BOSTON (TheStreet) -- Focus Media (FMCN) has found friends in sell-side analysts covering the Chinese advertising company after being blindsided by a short seller's attack.

After the shares dropped 40% Monday on claims by a short seller that the company is a fraud, analysts from

Goldman Sachs

and

Morgan Stanley

have come out to defend Focus Media.

Carson Block, director of research at Muddy Waters Research

In the 80-page research note on the company released Monday, Muddy Waters calls Focus Media "the

Olympus

of China," a reference to the Japanese camera maker that was recently found to have concealed losses for two decades with takeover fees and accounting tricks. Muddy Waters, in calling Focus Media a "strong sell," benefits from any decline in share price as it has a short position.

"Like Olympus,

Focus Media is significantly and deliberately overpaying for acquisitions, writing down $1.1 billion out of $1.6 billion in acquisitions since 2005," Muddy Waters researchers wrote in their report. They allege that Focus Media's overpayments include fraudulently booking at least six mobile handset advertising acquisitions that the company never made, and that Focus Media has written at least 21 acquisitions down to zero before disposing of them for no consideration.

Additionally, Muddy Waters claims that Focus Media says it has acquired, written down and disposed of companies it never actually purchased. Muddy Waters also alleges that Focus Media has been fraudulently overstating the number of LCD screens in its network by 50%.

Focus Media responded to Muddy Waters' allegations Tuesday, denying the allegations entirely. "The allegations in the report amount to no more than a questioning and second guessing of the motives and business judgment of the Focus Media management," the company said in a statement.

But even before Focus Media came out with a statement, Morgan Stanley analyst Richard Ji stood up and said the drop in Focus Media shares on the Muddy Waters allegation "creates a buying opportunity."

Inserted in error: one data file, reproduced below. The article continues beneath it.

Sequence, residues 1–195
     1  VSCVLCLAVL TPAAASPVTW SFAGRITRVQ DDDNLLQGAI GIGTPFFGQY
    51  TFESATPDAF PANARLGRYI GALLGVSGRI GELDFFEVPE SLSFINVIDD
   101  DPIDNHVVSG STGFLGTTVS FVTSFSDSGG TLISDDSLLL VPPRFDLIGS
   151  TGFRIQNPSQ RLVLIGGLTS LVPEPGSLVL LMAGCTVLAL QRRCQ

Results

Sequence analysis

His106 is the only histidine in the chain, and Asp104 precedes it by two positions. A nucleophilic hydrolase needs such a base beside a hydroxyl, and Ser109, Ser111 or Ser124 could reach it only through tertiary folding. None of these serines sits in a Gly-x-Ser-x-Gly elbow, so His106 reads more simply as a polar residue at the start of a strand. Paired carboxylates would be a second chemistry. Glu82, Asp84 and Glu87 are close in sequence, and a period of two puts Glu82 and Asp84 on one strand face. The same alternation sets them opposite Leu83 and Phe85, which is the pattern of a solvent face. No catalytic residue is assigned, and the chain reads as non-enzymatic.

Ji argues that it's well-known that Focus Media overpaid for a number of acquisitions before writing them down completely, essentially calling it old news.

"As a result, we do not understand the market reaction to the research report -- which would look to have created a buying opportunity," Ji writes in his research note Tuesday, reiterating his "overweight" rating on the stock and $46.50 price target.

While Goldman Sachs analyst Catherine Leung doesn't stick her neck out like Morgan Stanley's Ji, she also notes that Focus Media's investment track record for material acquisitions has been disclosed under

Securities and Exchange Commission

requirements.

"Since 2008, FMCN has not made any significant acquisitions that have been subsequently written off, which in our view suggests that the core business is generating positive cash flow and is not reliant on continuous acquisitions," Leung writes. However, she has placed her "buy" rating under review until hearing a detailed response from the company.

Not every sell-side analyst who thought highly of Focus Media before Monday is sticking with the company.

JPMorgan Chase

analyst Dick Wei downgraded the stock to "neutral" with a price target of $20. That's less than an "overweight" rating and $39 price target.

-- Written by Robert Holmes in Boston

.

>To contact the writer of this article, click here:

Robert Holmes

.

Readers Also Like:

Super Committee Failure Will lead to 'Very Bad' 2012 for Investors

Hedge Funds' Picks Show the Way for 2012